If your child is being bullied, take a look at this excellent information from Stop Bullying Now, a project of the United States Health Resources and Services Administration.

If Your Child Is Being Bullied
from Stop Bullying Now

1. First, focus on your child. Be supportive and gather information about the bullying.
                  Never tell your child to ignore the bullying. What the child may “hear” is that you are going to ignore it. If the child were able to simply ignore it, he or she likely would not have told you about it. Often, trying to ignore bullying allows it to become more serious.
                  Don't blame the child who is being bullied. Don't assume that your child did something to provoke the bullying. Don't say, “What did you do to aggravate the other child?”
                  Listen carefully to what your child tells you about the bullying. Ask him or her to describe who was involved and how and where each bullying episode happened.
                  Learn as much as you can about the bullying tactics used, and when and where the bullying happened. Can your child name other children or adults who may have witnessed the bullying?
                  Empathize with your child. Tell him/her that bullying is wrong, not their fault, and that you are glad he or she had the courage to tell you about it. Ask your child what he or she thinks can be done to help. Assure him or her that you will think about what needs to be done and you will let him or her know what you are going to do.
                  If you disagree with how your child handled the bullying situation, don't criticize him or her.
                  Do not encourage physical retaliation (“Just hit them back”) as a solution. Hitting another student is not likely to end the problem, and it could get your child suspended or expelled or escalate the situation.
                  Check your emotions. A parent's protective instincts stir strong emotions. Although it is difficult, a parent is wise to step back and consider the next steps carefully.
2. Contact your child's teacher or principal.
                  Parents are often reluctant to report bullying to school officials, but bullying may not stop without the help of adults.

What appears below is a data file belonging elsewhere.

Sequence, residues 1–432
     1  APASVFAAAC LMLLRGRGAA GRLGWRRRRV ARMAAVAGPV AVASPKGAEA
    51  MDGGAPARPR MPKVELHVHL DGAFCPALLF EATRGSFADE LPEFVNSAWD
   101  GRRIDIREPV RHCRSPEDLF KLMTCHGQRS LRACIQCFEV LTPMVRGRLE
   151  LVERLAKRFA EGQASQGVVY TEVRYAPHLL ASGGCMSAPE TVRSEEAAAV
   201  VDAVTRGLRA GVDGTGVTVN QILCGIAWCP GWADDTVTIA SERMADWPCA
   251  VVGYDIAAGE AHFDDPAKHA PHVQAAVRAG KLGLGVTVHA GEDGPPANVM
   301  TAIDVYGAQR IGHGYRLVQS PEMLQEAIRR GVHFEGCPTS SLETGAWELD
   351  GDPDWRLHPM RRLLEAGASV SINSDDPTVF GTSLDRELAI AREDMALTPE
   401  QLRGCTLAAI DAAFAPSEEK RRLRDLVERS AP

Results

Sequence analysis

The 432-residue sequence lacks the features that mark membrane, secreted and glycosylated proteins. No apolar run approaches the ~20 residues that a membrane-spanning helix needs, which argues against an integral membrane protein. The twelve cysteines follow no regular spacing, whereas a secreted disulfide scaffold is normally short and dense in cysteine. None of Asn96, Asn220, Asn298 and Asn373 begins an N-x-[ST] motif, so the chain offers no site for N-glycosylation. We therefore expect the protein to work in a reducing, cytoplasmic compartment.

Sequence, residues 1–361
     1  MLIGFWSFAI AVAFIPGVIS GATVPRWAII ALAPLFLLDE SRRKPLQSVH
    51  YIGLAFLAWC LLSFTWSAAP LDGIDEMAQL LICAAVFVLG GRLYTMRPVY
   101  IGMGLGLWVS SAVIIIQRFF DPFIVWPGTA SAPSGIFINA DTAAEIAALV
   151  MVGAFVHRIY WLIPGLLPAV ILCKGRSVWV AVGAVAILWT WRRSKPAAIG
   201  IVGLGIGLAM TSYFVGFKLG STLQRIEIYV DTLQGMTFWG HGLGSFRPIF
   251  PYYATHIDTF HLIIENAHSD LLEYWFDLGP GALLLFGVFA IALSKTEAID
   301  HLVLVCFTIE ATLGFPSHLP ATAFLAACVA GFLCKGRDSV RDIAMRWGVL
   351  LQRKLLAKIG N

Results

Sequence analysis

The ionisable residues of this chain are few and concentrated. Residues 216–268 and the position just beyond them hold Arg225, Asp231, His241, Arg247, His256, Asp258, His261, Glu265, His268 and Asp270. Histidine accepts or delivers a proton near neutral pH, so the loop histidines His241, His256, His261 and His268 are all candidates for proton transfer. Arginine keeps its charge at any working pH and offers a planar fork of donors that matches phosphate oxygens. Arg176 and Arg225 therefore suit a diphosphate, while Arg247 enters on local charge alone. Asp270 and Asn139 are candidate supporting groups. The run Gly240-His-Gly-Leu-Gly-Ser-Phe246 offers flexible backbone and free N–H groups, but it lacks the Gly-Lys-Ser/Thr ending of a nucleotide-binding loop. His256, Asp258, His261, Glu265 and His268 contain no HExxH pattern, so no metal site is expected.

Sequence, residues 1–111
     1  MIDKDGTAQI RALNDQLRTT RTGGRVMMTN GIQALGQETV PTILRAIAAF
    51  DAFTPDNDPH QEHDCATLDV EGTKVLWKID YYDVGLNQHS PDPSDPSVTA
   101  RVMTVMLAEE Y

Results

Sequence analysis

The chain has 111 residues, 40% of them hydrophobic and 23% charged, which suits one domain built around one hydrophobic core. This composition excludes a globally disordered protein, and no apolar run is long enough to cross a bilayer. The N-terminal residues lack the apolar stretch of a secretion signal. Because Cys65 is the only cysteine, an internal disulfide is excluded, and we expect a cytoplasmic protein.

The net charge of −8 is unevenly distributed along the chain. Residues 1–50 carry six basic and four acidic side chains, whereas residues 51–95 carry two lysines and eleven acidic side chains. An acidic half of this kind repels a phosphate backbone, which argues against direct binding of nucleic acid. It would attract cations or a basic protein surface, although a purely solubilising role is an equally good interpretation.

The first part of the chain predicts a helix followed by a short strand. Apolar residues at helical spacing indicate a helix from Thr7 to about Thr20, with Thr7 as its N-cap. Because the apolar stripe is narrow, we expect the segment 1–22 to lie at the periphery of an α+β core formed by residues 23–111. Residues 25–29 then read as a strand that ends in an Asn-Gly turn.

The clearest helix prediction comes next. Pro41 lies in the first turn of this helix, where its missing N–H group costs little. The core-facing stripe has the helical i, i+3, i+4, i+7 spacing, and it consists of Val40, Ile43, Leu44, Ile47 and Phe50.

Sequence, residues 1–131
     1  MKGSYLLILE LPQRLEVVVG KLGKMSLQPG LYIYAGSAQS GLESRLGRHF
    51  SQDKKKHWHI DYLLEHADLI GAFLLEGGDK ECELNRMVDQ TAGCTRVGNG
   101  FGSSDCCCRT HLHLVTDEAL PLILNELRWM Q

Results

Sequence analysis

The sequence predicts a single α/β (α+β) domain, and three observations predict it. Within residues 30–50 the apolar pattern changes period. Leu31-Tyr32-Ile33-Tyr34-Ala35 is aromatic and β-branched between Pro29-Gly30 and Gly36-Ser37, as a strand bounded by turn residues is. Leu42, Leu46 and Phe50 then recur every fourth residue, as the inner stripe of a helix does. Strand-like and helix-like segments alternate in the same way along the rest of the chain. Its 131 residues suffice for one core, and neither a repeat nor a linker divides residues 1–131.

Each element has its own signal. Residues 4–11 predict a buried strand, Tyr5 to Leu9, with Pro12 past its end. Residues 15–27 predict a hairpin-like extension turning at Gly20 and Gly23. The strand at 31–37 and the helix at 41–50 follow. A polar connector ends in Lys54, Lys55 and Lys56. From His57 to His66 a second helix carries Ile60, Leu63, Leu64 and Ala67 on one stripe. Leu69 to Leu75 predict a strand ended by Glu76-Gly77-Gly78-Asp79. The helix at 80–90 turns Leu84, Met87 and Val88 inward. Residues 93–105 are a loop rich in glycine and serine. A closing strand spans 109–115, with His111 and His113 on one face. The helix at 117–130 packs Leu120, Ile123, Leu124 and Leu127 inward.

Keep your emotions in check. Give factual information about your child's experience of being bullied including who, what, when, where, and how.
                  Emphasize that you want to work with the staff t school to find a solution to stop the bullying, for the sake of your child as well as other students.
                  Do not contact the parents of the student(s) who bullied your child. This is usually a parent's first response, but sometimes it makes matters worse. School officials should contact the parents of the child or children who did the bullying.
                  Expect the bullying to stop. Talk regularly with your child and with school staff to see whether the bullying has stopped. If the bullying persists, contact school authorities again.
3. Help your child become more resilient to bullying.
                  Help to develop talents or positive attributes of your child. Suggest and facilitate music, athletics, and art activities. Doing so may help your child be more confident among his or her peers.
                  Encourage your child to make contact with friendly students in his or her class. Your child's teacher may be able to suggest students with whom your child can make friends, spend time, or collaborate on work.
                  Help your child meet new friends outside of the school environment. A new environment can provide a “fresh start” for a child who has been bullied repeatedly.
                  Teach your child safety strategies. Teach him or her how to seek help from an adult when feeling threatened by a bully. Talk about whom he or she should go to for help and role-play what he or she should say. Assure your child that reporting bullying is not the same as tattling.